Gold rose slightly on Tuesday, as a weakening U.S. dollar and sluggish stock market helped pull the precious metal off a one-week low hit in early trade, while traders also said uncertainty over the fate of a U.S. tax cut prompted some safe-haven buying of gold.
The U.S. dollar fell against a basket of major currencies. A weaker dollar boosted gold, making the dollar-denominated commodity less expensive to holders of other currencies.
"The overall equity markets are seeing a little weakness and more diversification into safe havens like gold," said Dan Hussey, senior market strategist at RJO Futures in Chicago, adding gold prices could target $1,350, in the short term.
U.S. stock indexes were lower after GE shares plunged for the second straight day and a drop in oil prices hit energy stocks. Worries about Republican tax plans and the economy's ability to deal with more interest rate hikes dented appetite for assets perceived as risky and boosted gold's appeal as a safe-haven, traders said.
Gold touched a session low of $1,270.56, its lowest since Nov. 6, after U.S. Treasury yields touched fresh highs as investors priced in a rate hike next month. Higher bond yields reduce gold's appeal.
On Monday, Congressional Republicans pushed ahead with a proposed U.S. tax code overhaul, but risks lay ahead with major intra-party disputes unsettled. A failed tax overhaul would hit risk appetite and benefit gold. Four of the world's top central bankers promised to keep openly guiding investors about future policy moves as they slowly withdraw the huge monetary stimulus rolled out during the financial crisis.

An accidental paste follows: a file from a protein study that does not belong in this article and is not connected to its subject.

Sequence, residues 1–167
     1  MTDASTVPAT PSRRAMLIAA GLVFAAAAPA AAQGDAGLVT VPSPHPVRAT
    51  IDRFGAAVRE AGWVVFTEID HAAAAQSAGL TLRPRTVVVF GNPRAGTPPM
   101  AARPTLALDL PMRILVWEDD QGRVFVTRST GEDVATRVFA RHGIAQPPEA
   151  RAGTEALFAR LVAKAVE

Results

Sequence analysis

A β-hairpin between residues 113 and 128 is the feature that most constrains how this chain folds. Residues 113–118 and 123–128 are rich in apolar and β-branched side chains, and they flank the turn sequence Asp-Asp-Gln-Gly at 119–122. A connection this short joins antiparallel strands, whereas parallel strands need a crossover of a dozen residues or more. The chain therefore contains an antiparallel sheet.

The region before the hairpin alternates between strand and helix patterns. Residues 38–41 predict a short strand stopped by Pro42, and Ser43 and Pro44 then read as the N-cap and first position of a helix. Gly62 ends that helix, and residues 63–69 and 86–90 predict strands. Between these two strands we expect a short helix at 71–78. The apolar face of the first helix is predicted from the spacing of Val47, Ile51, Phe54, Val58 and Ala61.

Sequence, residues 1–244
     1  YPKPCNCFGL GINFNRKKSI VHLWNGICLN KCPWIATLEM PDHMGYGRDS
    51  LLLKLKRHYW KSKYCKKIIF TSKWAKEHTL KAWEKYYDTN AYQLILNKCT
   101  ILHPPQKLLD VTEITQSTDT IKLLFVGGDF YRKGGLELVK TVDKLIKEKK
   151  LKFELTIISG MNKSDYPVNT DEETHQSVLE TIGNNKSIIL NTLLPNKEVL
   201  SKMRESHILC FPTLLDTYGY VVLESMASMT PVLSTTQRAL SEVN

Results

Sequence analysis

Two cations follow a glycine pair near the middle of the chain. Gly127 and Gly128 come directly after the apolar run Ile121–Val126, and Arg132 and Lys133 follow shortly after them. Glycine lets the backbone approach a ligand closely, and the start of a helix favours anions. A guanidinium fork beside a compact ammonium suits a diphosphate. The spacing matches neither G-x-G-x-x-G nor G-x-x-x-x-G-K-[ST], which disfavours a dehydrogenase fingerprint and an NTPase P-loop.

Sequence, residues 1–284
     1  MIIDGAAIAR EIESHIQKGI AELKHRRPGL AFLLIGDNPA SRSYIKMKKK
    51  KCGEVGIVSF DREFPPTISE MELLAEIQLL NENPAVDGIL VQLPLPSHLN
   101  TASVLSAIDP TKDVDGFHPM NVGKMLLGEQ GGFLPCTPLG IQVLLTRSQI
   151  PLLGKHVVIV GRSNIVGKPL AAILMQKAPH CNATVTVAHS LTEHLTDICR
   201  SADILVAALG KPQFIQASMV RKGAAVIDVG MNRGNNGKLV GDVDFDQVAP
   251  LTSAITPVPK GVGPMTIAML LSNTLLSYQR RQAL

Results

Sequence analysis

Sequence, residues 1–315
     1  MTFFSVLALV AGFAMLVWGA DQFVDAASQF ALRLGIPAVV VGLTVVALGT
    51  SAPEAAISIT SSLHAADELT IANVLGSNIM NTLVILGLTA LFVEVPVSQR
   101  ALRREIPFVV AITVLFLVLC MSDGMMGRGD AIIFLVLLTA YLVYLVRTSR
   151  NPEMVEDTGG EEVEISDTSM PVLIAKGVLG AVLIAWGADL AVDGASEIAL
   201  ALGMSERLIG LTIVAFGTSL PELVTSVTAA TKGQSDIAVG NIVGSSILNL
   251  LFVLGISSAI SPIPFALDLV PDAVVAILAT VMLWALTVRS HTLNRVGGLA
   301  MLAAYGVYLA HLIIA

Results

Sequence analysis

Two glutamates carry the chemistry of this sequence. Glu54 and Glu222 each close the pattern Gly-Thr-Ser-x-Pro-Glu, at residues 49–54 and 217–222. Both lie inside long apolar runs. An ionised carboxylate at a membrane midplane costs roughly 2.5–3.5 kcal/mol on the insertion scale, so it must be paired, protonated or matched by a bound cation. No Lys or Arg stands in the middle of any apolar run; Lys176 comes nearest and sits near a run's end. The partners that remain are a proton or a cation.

Elsewhere, hedge funds and money managers raised their net long position in COMEX gold by 7,027 contracts to 173,562 contracts in the week to Nov. 7, U.S. Commodity Futures Trading Commission data showed Monday. That marked the first time speculators raised their net long position in eight weeks.
Among other precious metals, silver was up 0.1 percent at $17.05 per ounce, while platinum was down 0.5 percent at $927. Palladium was down 0.48 percent at $985 an ounce, recovering from a two-week low of $974.97 hit earlier in the session.